The people’s pope has been making waves ever since he rode back to his hotel on the bus and tried to pay his bill. False modesty? A swipe at those who came before him in office? Refreshing humility? Inverted pride? There have certainly been no shortage of critics, nor fawning, uber-liberal commenters who have weighed in on the new pontiff.
Are we seeing a shift in teaching, or perhaps a different set of priorities from below the equator? Watching Francis, it has become clear that the Jesuit sitting on the Chair of Peter has jolted the exposed fault lines in the post-Vatican II church. Specifically, by claiming that we don’t need to discuss the issues of sex, abortion, and homosexuality all the time, the pope has carved out awareness of other equally pressing issues, such as the grinding poverty that characterizes life below the equator that affects the world from whence he comes.
In the process, he has accentuated the differences between orthodox Catholics and the liberal/anarchic wing of the church above the equator. The liberal/anarchic wing adopted the issues surrounding global poverty, hunger, homelessness, etc. Not surprisingly, these are the issues championed by the socialist left, which also promotes radical feminism, abortion on demand, gay marriage, and sexual licentiousness: issues near and dear to left-leaning Catholics.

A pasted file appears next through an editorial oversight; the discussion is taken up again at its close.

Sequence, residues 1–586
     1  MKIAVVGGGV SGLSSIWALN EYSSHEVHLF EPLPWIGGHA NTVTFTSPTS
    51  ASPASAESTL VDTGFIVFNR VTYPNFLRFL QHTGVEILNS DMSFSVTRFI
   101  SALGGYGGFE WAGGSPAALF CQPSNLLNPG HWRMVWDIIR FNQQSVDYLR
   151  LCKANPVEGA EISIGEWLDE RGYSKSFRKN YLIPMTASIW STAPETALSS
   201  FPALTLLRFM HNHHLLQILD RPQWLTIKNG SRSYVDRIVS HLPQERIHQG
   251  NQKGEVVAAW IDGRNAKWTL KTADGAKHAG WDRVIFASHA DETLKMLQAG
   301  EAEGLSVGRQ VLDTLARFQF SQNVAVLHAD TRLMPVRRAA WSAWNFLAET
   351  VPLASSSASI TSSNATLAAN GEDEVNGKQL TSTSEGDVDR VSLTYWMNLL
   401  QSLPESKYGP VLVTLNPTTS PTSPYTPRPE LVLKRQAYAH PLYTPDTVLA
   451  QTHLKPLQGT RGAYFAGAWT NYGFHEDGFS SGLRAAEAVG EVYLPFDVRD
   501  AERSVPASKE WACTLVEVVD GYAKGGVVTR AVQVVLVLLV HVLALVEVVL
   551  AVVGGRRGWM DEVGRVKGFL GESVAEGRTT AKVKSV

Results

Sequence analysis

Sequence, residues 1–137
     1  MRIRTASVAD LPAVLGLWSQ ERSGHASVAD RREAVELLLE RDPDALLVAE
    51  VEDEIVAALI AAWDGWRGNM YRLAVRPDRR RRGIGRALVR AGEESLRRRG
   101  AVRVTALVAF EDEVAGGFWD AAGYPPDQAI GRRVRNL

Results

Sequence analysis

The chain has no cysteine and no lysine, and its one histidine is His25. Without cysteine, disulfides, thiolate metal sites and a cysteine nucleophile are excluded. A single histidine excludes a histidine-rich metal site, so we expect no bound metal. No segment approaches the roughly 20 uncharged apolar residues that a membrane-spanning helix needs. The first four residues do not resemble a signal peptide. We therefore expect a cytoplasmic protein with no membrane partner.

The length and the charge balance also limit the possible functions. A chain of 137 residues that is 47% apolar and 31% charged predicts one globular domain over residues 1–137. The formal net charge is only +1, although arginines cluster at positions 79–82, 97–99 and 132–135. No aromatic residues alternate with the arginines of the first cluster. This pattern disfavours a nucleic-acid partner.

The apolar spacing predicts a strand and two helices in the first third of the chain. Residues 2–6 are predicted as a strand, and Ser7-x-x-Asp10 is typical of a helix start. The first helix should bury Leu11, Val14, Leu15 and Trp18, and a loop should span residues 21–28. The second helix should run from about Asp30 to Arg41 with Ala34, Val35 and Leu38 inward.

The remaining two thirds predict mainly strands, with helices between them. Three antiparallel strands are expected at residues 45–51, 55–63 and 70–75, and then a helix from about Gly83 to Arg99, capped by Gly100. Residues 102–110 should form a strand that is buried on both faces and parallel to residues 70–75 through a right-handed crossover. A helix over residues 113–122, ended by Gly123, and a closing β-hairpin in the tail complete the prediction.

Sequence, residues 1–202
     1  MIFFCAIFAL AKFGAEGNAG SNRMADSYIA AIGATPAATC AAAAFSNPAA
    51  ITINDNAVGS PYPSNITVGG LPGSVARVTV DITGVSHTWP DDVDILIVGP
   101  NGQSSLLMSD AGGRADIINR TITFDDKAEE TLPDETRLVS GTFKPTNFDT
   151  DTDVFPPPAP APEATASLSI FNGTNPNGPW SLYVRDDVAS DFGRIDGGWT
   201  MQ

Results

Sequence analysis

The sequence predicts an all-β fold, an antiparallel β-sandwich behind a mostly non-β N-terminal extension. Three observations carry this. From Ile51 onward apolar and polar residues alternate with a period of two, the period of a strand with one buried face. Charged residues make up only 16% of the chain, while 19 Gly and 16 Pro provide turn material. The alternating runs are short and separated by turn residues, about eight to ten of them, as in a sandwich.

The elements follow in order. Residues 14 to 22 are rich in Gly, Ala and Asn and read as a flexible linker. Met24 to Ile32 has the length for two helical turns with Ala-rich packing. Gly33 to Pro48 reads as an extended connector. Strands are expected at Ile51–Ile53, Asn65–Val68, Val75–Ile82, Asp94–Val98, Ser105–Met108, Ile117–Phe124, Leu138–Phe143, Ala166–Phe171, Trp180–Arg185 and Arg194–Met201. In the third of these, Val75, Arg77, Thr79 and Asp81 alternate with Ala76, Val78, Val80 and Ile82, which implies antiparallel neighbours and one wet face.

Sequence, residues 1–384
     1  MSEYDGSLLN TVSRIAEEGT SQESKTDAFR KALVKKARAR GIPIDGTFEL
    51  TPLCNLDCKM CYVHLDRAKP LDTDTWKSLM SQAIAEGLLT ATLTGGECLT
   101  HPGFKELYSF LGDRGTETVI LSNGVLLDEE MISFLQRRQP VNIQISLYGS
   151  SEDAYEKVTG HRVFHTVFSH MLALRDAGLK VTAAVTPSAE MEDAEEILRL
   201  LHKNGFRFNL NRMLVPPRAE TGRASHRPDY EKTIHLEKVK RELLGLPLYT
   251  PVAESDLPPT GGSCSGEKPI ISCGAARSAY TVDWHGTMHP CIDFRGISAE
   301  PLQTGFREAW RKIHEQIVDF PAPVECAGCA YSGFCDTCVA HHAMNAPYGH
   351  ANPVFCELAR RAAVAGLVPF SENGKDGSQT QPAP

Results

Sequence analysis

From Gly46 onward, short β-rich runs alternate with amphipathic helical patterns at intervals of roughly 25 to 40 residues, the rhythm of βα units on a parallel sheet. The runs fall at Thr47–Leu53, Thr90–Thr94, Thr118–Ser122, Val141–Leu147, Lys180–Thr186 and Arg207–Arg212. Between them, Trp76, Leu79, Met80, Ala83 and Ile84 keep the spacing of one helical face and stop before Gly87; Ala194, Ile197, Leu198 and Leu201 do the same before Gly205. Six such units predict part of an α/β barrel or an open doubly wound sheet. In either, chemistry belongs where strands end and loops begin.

The orthodox tend toward traditional families, pro-life ethics, and a conservative political agenda. If there is a problem with the orthodox, it is that we have allowed concern for the poor to become “their” issue, and not “ours”. The criteria that will be used in our judgement were outlined by Jesus in Matthew 25. The corporal works of mercy are not options.
The truth is that our Catholicism is somewhat bifurcated in the Northern Hemisphere. Essential elements and obligations of the faith have been politicized.
While this bifurcation is very real, the issues of sex, family, marriage, and abortion have a far greater catalytic power at tearing down Weatern Civilization than the issue of grinding poverty, which was omnipresent throughout Western Civilization’s rise. It’s difficult to adress the issues of poverty in a culture where raging hedonism is the new civic virtue.
If there was one nuanced perspective missing in the Pope’s highly nuanced and controversial interview, it is that.
So, when Francis demonstrates a humility whereby he eschews the trappings of office, when he says that we need to expand our focus, he offers us the opportunity to reflect beyond the very real issues that we champion within orthodoxy here in the north. He also offers us the opportunity to reclaim something that has been lost along the way.
However, when we are addicted to tearing our brothers and sisters apart in the womb, using our brothers and sisters as objects for pleasure, and spitting on the natural order created by God, it’s a tough sell to get people behind an authentic vision of being our brother’s keeper.
Perhaps by speaking from within the issues coopted as issues by the left, maybe… just maybe… this pope may be able to break through. Let’s hope so, and let’s lift Francis up in prayer as he tries.